The ongoing problems with air quality “affect the ability of students to do research,” he said. Lab equipment needs to be dry to accurately measure, but the humidity in the building is so bad, it can’t be used, Gerwin said.

He said another colleague just moved to a college in another state.

Despite the lives changed by public higher education, despite the gains to the tax rolls through the education of people who then work good jobs, despite the lifts from poverty through education and the skills brought to New York businesses – SUNY and CUNY have suffered losses of more than $1.5 billion since 2008. Those staggering losses are attributed to the self-funding of mandatory costs (energy, technology, administration, collective bargaining, building rentals) and the reduction in state support, which drives up tuition.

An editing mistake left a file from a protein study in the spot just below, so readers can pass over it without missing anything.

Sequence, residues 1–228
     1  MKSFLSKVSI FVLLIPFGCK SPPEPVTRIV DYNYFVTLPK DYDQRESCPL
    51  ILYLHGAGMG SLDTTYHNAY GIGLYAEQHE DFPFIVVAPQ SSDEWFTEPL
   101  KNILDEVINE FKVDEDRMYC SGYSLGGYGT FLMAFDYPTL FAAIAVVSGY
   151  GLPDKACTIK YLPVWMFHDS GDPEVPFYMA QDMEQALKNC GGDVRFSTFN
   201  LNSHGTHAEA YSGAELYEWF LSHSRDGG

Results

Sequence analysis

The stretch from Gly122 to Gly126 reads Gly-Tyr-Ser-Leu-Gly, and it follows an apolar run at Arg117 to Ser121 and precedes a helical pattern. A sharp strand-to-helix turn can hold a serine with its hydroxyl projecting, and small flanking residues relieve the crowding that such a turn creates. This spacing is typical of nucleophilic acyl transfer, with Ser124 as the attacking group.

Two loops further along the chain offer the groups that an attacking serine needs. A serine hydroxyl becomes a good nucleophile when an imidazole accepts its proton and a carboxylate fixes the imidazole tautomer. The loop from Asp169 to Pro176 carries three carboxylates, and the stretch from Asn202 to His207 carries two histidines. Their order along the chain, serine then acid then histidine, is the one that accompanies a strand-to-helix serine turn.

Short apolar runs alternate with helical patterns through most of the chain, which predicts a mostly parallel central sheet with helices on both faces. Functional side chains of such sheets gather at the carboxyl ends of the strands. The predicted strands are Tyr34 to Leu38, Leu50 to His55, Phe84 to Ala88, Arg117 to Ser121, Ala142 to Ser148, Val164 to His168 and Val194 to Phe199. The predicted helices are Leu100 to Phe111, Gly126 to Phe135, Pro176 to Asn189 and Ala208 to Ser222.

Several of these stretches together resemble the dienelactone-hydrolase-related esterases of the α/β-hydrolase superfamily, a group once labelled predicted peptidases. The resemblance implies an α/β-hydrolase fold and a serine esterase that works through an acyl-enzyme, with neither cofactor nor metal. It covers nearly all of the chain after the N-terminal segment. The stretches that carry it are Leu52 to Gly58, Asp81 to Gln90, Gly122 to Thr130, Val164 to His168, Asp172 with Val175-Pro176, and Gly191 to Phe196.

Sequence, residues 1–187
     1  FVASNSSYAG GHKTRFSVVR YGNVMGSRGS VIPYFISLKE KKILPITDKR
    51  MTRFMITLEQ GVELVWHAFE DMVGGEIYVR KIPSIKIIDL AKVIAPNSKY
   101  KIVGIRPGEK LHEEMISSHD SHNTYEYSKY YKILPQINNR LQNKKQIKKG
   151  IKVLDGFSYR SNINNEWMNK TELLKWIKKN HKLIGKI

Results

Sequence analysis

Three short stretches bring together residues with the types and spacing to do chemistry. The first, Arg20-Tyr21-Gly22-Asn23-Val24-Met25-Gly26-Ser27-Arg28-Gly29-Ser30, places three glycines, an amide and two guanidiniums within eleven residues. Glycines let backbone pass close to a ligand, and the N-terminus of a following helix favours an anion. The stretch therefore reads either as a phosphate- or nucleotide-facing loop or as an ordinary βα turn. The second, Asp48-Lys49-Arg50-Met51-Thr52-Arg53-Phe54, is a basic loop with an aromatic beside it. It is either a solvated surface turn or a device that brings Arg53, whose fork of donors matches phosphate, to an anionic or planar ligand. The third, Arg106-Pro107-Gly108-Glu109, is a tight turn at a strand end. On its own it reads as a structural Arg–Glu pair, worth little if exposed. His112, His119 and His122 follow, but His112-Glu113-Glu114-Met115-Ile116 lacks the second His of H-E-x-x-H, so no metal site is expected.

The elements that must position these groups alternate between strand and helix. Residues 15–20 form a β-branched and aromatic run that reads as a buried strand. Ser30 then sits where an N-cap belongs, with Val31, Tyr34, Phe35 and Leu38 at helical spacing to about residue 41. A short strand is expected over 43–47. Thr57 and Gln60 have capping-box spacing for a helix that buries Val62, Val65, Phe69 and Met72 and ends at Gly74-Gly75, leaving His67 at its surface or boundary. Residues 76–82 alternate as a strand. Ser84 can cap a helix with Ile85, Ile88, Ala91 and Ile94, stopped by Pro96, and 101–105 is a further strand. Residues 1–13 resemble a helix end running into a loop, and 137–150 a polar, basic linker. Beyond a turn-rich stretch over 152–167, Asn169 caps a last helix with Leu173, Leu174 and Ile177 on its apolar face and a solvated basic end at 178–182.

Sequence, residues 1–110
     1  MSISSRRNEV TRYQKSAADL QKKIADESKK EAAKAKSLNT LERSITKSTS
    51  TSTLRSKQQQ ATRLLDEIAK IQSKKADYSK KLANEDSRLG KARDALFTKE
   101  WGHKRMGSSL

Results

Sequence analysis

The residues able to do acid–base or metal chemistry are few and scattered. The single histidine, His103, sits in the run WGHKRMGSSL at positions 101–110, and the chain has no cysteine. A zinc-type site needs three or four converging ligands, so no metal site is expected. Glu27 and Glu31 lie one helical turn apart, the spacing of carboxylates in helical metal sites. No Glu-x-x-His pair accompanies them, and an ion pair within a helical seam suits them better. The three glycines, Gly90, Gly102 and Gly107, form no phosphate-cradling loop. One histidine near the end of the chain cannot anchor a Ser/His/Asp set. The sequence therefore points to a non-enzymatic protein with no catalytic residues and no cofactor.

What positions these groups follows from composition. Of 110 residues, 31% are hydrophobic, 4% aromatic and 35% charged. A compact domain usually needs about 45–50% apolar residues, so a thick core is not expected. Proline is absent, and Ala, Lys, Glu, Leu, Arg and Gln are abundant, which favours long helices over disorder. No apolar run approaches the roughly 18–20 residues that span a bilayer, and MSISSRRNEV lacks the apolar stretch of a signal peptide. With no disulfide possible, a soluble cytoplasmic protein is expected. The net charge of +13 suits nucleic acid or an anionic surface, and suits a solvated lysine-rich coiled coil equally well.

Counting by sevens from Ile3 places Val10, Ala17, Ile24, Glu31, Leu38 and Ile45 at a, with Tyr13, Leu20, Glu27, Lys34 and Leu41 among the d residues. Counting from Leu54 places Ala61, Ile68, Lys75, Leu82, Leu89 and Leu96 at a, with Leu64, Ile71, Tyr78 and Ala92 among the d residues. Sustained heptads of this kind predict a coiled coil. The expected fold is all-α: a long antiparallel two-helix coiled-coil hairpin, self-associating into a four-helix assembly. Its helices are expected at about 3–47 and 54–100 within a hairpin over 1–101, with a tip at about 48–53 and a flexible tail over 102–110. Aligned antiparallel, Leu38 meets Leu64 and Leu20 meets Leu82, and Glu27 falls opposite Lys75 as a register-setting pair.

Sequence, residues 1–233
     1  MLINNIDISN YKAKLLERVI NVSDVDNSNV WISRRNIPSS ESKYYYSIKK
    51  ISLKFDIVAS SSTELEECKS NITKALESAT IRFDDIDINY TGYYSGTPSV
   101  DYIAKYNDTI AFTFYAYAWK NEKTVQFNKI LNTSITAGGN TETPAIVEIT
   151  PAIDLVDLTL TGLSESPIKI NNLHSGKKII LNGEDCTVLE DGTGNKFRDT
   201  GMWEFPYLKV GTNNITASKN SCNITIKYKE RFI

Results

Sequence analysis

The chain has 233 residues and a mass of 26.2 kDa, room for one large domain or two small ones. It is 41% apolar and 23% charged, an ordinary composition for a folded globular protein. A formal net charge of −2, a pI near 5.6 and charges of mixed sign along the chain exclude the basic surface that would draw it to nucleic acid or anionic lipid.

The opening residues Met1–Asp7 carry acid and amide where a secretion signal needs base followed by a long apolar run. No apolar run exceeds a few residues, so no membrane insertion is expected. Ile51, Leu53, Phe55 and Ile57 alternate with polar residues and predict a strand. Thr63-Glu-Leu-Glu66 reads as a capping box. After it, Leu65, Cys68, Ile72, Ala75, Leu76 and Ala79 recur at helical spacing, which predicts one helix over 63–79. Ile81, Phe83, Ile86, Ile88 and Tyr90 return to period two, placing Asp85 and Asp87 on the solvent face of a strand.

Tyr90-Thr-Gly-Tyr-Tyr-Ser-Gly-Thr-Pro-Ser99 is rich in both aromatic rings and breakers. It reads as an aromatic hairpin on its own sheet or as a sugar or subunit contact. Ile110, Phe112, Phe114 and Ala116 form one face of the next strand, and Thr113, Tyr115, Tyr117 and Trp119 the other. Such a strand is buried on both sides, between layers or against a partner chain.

“Students’ tuition increases should be invested in student academic programs, services and faculty,” said Pecorale. “However, much of that funding is paying for mandatory costs that are not covered by the state’s maintenance of effort for funding SUNY and CUNY.”

Meanwhile, the band, Underground Horns, played on and on as the more than a thousand people filed from the rally on Third Avenue, down the streets and into the Community Church of New York. People showed up from alliances, religious groups, labor groups, coalitions and community groups. There, the protestors quieted down as a choir group sang, opening the conversation about the crisis at CUNY and to make further plans for action.